Yesterday evening as I finally laid down to watch Golden Girls, it hit me that for the first time today I was finally relaxing. My feet were sore, my back was in pain, and I just felt exhausted. I felt accomplished because I had gotten so much done but overwhelmed by how much I still had left to do (this blog post for instance).
Throughout my week, I take on many tasks, mom, student, recruiter, entrepreneur, friend, partner, daughter, etc. I find that 24 hours in a day is just not enough time, especially when you have two small kids constantly tearing your house apart. COVID-19 showed me that having multiple streams of income is important and putting all your eggs into one corporate basket is not always smart. I already had a small business, Sweet Journey In A Jar, but delivering with two small kids was not ideal for me. To add on another stream, I started NuriLamarCandleCo, an online candle shop on Etsy. With both of these ventures, promoting the blog and my two books, all while balancing school and home life, I find myself mentally drained some days. While I haven’t fully mastered my routine, I have developed some ways to help me maintain my mental sanity in the process.
1. UTILIZE YOUR SUPPORT SYSTEM IF YOU HAVE ONE NEAR BY
With my daughter, I avoided asking for help as much as I needed to. Both grandmothers pushed for me to take needed time to myself but my stubbornness always took priority. I wanted to prove I could handle everything, but in reality I couldn’t. Yesterday morning, I knew I had a lot on my plate for the day. The house was a mess, laundry needed to be done, I had a hw assignment due, 5 dessert pans to make, and 9 candles to set. How was I going to get it done? I came up with the idea of gifting their dad with a day of uninterrupted peace and quiet. While this was his Father’s Day gift, it also served as an opportunity for me to work productively without interruption. I called my mother that morning, made arrangements, and by 11:00, the kids were gone from the house. On more than one occasion, I have utilized both of my kids grandmothers when I had an overwhelming amount of things to do and very little time to get it done. Sometimes we neglect the village of people around us and forget that it’s ok to ask for their help. While, I still was on my feet all day, I cut my time in half and was still able to get in bed at a decent time.
2. TIME-BLOCK AND USE A CALENDAR
I am very into color-coding, whether it be my personal calendar or my work calendar. It helps me to stay organized. I give everything a letter designation such as “B” for blog day or “D” for discussion post. This allows me to stay organized. If I know I have a dessert order for Saturday, then I designate Friday as “S” for Sweet Journey, etc. I can look at my calendar and easily see what I have to work on. My candles have a 1-3 day processing time, so I designate which days candles need to ship by so I know when to start the hand-pour process. Prior to COVID-19, I would label which days Jayden had a baseball game, a school event, or karate class. The last thing I wanted to do was book myself to make desserts knowing my son had a baseball game. Time-blocks are also key. Yesterday I had a friend coming to pick up a dessert pan after 8:00. Knowing how long it takes me to make a Banana Pudding, also allowing for refrigeration, I time-blocked 5:30-6:00 for preparation and 6:00-8:00 for refrigeration. The pudding would be freshly made and cold when she picked it up. During the 6:00-8:00 time-block, I then used this time to prep and bake the cobblers. Then finally, I designated 8:00-9:00 for candle making. This schedule gave me a deadline of 5:30 pm to have all the laundry done and folded, bedrooms/bathrooms clean, and wash/dry my hair, which I time-blocked from 4:00-5:30 pm. I checked my phone while doing each task to ensure I kept on schedule. With kids, this can be difficult to do because things happen but I try to give myself breathing room in case things do not go perfectly to schedule.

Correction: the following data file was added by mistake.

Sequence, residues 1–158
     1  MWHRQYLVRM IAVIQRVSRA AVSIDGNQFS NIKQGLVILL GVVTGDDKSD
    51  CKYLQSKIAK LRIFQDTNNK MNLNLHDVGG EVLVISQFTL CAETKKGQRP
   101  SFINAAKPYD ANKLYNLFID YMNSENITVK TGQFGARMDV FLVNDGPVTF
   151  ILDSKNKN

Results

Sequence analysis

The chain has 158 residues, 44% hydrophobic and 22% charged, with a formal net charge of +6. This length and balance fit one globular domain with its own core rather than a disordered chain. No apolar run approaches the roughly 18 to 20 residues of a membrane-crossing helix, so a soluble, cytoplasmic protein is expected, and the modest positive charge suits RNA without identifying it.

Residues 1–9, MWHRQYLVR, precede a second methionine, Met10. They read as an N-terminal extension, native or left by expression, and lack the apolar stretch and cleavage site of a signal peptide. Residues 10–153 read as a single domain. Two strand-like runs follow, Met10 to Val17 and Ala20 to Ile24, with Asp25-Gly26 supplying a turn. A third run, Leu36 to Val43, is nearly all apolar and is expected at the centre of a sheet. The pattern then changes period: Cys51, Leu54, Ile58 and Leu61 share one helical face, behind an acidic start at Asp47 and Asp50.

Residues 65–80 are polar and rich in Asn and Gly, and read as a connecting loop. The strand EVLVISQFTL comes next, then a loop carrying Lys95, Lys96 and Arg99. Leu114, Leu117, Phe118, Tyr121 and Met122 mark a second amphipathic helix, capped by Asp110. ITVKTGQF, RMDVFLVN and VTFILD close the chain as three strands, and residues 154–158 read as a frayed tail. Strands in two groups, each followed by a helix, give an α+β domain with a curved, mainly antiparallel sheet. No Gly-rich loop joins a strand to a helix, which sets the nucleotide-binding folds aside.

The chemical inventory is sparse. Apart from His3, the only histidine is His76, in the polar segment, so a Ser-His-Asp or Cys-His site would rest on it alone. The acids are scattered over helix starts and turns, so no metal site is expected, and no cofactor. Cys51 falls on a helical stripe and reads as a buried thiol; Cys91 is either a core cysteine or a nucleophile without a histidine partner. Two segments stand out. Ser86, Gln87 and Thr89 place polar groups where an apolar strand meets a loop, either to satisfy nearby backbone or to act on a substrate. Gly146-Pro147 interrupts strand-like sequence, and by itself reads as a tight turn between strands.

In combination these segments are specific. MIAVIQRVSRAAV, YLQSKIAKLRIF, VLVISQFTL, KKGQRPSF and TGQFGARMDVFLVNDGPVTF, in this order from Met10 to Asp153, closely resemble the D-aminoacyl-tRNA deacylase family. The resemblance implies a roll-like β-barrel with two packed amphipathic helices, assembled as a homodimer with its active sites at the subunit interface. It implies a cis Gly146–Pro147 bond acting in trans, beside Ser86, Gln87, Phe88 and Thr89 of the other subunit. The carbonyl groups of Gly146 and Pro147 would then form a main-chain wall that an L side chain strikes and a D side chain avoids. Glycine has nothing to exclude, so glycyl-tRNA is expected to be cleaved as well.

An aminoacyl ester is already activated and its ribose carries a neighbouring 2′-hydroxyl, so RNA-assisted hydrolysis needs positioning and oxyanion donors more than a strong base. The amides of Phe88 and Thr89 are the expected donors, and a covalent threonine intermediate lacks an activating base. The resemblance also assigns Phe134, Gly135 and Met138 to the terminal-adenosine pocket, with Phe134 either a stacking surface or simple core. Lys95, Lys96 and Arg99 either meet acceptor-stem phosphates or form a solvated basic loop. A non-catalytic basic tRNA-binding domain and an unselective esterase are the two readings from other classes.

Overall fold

3. LET YOUR KIDS HELP
Depending on the type of business you run, this may not always be easy. My five year old shows a lot of interest when I am creating things in the kitchen. He’s an aspiring lemonade business owner so he always wants to be part of the process. While he cannot help me do everything, giving him simple tasks such as mixing or grabbing materials for me include him into the routine. Now we are spending time together and he is learning something new. He uses this time to ask questions and perfect his own skills in the kitchen creatively. I have even taken my son to craft fairs as my junior salesman. We are perfecting his business skills at an early age and I get to play mom and entrepreneur at the same time. My son also loves taking pictures and has a big interest in photography so a lot of my photos are taken by him.
4. DO NOT OVER DO IT
This is most certainly my favorite tip of the four. While no business owner wants to leave money at the door, sometimes you just have to admit when you are unable to do things. If I know I have already committed to an event for my son then I will not take a dessert order for that day. If I am too tired to post a blog post that day, then I’m not posting a blog post that day. You can do something small such as update your social media with a mini post to keep your following engaged if you do not have the energy to dedicate to a full blog posting. Designate days off on your calendar. If you have a shipping business, set your processing to reflect business days so that you have a small break on weekends. No amount of money is worth your sanity. If you are not ok then your kids are not ok. Your energy rubs off onto them and in order to be the best entrepreneur you can be you have to also be the best mom and person you can be first.
What other ways have you found to balance multiple roles?